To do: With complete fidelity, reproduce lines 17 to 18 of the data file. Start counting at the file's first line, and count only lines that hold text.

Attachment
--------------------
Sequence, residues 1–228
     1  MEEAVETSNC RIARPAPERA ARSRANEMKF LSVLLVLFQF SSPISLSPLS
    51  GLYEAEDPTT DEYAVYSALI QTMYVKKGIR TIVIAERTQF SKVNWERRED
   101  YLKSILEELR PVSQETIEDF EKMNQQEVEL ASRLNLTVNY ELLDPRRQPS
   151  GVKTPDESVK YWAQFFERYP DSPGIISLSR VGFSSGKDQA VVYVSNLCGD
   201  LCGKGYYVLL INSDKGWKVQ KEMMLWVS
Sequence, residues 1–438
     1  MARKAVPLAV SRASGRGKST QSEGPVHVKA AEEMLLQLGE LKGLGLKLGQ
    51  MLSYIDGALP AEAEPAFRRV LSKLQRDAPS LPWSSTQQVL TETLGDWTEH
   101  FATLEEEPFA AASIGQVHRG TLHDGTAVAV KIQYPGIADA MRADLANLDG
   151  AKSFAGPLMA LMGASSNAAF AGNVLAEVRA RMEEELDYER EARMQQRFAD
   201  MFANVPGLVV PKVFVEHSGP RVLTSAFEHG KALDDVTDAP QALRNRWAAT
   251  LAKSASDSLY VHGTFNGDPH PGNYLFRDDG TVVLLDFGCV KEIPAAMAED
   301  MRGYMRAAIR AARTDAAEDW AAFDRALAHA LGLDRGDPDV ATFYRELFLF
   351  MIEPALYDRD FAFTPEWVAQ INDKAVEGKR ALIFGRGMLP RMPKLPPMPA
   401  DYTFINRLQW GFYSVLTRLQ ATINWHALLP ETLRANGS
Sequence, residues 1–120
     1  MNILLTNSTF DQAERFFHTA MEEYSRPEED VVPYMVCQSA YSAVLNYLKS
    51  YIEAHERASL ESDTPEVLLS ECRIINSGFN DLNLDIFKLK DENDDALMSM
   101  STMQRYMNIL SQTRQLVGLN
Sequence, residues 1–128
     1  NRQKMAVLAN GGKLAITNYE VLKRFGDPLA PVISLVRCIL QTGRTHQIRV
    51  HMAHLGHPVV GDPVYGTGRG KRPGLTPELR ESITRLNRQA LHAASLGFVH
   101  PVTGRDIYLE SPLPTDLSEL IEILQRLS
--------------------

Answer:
Sequence, residues 1–120
     1  MNILLTNSTF DQAERFFHTA MEEYSRPEED VVPYMVCQSA YSAVLNYLKS